Marcus Odwan was finishing up his last tour for the day at New York’s American Museum of Natural History. It was only a part-time gig he did to help pay for his grad schooling at NYU. His Bachelor degree was in archeology and he was shooting for his Master’s degree in contemporary avian connection to dinosaurs. That is, Marcus was of the school of thought that some of the dinosaurs had evolved (or devolved, depending on who you talked to) into birds rather than going into extinction.
When the last of his tourists finally left the doors to the famed museum it was already after 5:00 pm. It was a Saturday and he still had to grade some of his students’ essays by Monday morning…some weekend!
“Hey, Mark,” Larry, one of the Natural Museum’s guards, called out to Marcus as he walked by the circulation desk with a handful of essays, on his way to his office in the Museum’s basement, “looks like another all-nighter for you!”
“Yeah…I’ve got about fifty more of these essays to get through.”
“So, you really think birds are leftovers from dinosaurs, huh?”
Marcus stopped just feet away from the circulation desk. He never walked away from a chance for him to tell the public of his views on “living fossils,” as he often called birds.
“Ever really took the time to look at some of the displays here, Larry?”
“Ever noticed the skeletal formation of birds and then compared them to dinosaurs’ fossils? How they tend to share the same bone structures in their heads, in their hind legs, or their tail bones?” He knew he didn’t have time to breakdown scientifically the similarities to the guard, so visuals were enough.
“Yeah, I’ve noticed all those things before. But I got to tell you, Mark, sometimes I agree with this friend of mine…”
“About what,” Marcus asked curiously as he set his pile of essays on the corner of the circulation desk.
Suddenly, Larry seemed to become apprehensive as he looked around to make sure no one else could hear him. He rolled his chair up closer to the young archeologist.
“My friend, Bobbie, she has this reputation for being a bit whacko, but sometimes she makes sense. She told me that dinosaur fossils are nothing but fake skeletons that are constructed and implanted in the earth all around the world, just so museums can make money.”
“What…!” Marcus had to remember to whisper. “Larry, I’ve gone on archeological expeditions in the U.S. and Africa…trust me, the fossils are quite real!”
“My turn to ask a question,” the guard said, yet whispering. “You know about special effects these days, both in the movies and in theme parks, right?”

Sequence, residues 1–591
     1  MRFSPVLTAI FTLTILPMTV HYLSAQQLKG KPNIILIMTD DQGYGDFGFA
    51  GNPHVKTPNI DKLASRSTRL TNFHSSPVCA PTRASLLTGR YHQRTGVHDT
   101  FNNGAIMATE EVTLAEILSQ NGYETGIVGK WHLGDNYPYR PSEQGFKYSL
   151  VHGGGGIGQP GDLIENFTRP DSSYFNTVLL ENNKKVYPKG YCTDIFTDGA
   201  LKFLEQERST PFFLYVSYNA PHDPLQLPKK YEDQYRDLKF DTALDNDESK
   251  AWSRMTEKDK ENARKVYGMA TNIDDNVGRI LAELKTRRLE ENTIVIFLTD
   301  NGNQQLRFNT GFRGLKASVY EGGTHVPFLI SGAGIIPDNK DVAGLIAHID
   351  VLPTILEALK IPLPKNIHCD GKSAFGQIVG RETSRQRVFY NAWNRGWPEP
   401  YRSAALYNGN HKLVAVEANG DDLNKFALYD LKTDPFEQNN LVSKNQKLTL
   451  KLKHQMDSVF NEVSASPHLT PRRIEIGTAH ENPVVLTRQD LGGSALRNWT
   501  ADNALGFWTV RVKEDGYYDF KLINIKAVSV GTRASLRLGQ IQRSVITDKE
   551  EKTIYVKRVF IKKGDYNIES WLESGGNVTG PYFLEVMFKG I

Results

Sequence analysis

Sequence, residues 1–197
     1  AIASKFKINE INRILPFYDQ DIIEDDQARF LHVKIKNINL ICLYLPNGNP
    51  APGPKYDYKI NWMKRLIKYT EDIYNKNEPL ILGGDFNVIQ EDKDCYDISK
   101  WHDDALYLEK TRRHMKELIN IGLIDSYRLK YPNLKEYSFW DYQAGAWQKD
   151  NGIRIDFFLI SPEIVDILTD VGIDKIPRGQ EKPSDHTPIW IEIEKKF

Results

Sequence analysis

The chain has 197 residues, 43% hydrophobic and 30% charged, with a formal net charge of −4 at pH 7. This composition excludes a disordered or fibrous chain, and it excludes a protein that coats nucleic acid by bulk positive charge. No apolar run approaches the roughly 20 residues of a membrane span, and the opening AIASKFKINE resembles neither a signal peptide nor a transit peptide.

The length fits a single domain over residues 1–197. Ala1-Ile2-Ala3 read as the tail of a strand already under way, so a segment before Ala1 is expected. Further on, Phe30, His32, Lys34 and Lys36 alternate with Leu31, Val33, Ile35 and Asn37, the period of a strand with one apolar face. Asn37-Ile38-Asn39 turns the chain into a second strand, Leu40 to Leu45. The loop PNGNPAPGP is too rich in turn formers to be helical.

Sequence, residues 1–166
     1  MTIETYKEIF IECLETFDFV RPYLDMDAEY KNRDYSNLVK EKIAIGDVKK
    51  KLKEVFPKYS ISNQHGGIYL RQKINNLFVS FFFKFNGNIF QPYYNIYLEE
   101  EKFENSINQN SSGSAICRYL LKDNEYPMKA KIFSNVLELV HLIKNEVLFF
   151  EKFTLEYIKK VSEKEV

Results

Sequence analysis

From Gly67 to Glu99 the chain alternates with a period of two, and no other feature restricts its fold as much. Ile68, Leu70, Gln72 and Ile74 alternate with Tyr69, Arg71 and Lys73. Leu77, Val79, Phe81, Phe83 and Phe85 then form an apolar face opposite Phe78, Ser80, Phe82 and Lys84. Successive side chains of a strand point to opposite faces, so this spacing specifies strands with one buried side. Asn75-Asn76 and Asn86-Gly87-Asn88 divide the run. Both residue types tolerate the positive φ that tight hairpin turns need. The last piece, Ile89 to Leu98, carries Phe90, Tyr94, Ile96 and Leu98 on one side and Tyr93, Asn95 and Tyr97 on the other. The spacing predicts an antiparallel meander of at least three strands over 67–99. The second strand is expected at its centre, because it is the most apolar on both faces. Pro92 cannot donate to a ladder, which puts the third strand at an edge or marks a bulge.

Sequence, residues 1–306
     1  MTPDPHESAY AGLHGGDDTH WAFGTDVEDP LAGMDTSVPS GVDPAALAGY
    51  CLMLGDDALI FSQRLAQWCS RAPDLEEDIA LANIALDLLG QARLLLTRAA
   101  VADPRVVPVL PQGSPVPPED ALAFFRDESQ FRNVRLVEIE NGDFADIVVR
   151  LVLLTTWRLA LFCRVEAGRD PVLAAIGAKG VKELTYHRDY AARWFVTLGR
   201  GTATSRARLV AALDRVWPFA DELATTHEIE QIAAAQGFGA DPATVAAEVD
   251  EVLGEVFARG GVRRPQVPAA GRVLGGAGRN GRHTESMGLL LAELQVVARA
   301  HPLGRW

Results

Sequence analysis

Marcus waited to hear more from Larry, but Larry just looked at Marcus with his brows arched, then shifted his eyes dramatically to indicate the Museum.
“Oh, come on, Larry! I didn’t think you were of the conspiratorial sort. Like I said, I’ve helped dig up dinosaur bones and even some ancient human fossils. What about human fossils, Larry…does Bobbie have an answer for that, too?”
Larry shook his head and leaned back in his chair. “Look, Mark, I didn’t mean to offend your profession. I’m just saying that if you were in a business that depended on drawing people in to look at some fantastic creatures, and you needed something so remarkable that would make them want to spend their money by the millions each year…” Larry let his sentence taper and shrugged his shoulders.
With that, Marcus told the young guard to have a nice weekend.
Marcus looked at the clock on his office wall: 1:50am. Crap! That’s too late for anyone to hang around any museum. He gathered all his students’ essays and put them in his bag and left his office. He started for the elevator until he noticed a light behind a door to a section of the Natural Museum he had never been to before. Marcus could not resist going over to see what the room was and who was working there so late on a weekend…besides himself, of course.
After Marcus knocked on the door a middle-aged man wearing a face-mask opened it.
“What do you want,” the man behind the door said rudely, his eyes looking past Marcus and venturing all over the basement, as if making sure no one else was there.
“Hi, I—I’m Marcus Odwan…I’m a grad student from New York University.”
“Oh, are you here for that position,” the man said with a bit more hospitality in his voice.
“The one in our Creative Department. You work here I assume, because only existing employees can apply for it.”
“Of course I do,” Marcus said; feeling offended.
“Then I’m surprised you don’t know,” the man said, taking off his mask.
The man let Marcus into the lab area. To Marcus’s total disbelief, it was a workshop. Not a workshop of ceramic figurines or artwork, but of some structures that looked strangely familiar.
“Marcus,” the man said to him, “if you’re not interested in the fabrication job, I have to ask you to fill out a non-disclosure form. As you can see, we got to keep this under wraps. Let me get it from my boss.” The man then turned to yell at a woman in an office. “Hey, Bobbie, we need another one of those forms!”
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